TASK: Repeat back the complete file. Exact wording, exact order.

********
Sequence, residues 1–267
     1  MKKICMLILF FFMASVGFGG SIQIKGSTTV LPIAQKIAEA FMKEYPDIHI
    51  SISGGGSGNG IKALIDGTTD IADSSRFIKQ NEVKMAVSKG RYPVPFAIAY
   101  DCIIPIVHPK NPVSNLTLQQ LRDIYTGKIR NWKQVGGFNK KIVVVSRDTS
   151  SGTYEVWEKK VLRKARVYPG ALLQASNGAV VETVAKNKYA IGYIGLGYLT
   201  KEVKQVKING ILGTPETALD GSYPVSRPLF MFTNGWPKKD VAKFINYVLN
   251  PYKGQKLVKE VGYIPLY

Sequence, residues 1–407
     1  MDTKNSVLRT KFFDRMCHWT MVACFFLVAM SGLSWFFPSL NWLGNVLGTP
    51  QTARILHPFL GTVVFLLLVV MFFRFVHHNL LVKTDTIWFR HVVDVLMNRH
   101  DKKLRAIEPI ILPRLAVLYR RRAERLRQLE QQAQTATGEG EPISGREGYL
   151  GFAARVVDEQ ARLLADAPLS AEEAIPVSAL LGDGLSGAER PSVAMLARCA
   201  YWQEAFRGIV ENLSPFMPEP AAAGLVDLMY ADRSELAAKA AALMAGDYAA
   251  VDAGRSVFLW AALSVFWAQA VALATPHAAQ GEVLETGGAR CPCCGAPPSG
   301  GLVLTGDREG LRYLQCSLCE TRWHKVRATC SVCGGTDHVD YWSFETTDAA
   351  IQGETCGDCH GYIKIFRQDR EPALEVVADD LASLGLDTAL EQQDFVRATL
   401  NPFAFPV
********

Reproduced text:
Sequence, residues 1–267
     1  MKKICMLILF FFMASVGFGG SIQIKGSTTV LPIAQKIAEA FMKEYPDIHI
    51  SISGGGSGNG IKALIDGTTD IADSSRFIKQ NEVKMAVSKG RYPVPFAIAY
   101  DCIIPIVHPK NPVSNLTLQQ LRDIYTGKIR NWKQVGGFNK KIVVVSRDTS
   151  SGTYEVWEKK VLRKARVYPG ALLQASNGAV VETVAKNKYA IGYIGLGYLT
   201  KEVKQVKING ILGTPETALD GSYPVSRPLF MFTNGWPKKD VAKFINYVLN
   251  PYKGQKLVKE VGYIPLY

Sequence, residues 1–407
     1  MDTKNSVLRT KFFDRMCHWT MVACFFLVAM SGLSWFFPSL NWLGNVLGTP
    51  QTARILHPFL GTVVFLLLVV MFFRFVHHNL LVKTDTIWFR HVVDVLMNRH
   101  DKKLRAIEPI ILPRLAVLYR RRAERLRQLE QQAQTATGEG EPISGREGYL
   151  GFAARVVDEQ ARLLADAPLS AEEAIPVSAL LGDGLSGAER PSVAMLARCA
   201  YWQEAFRGIV ENLSPFMPEP AAAGLVDLMY ADRSELAAKA AALMAGDYAA
   251  VDAGRSVFLW AALSVFWAQA VALATPHAAQ GEVLETGGAR CPCCGAPPSG
   301  GLVLTGDREG LRYLQCSLCE TRWHKVRATC SVCGGTDHVD YWSFETTDAA
   351  IQGETCGDCH GYIKIFRQDR EPALEVVADD LASLGLDTAL EQQDFVRATL
   401  NPFAFPV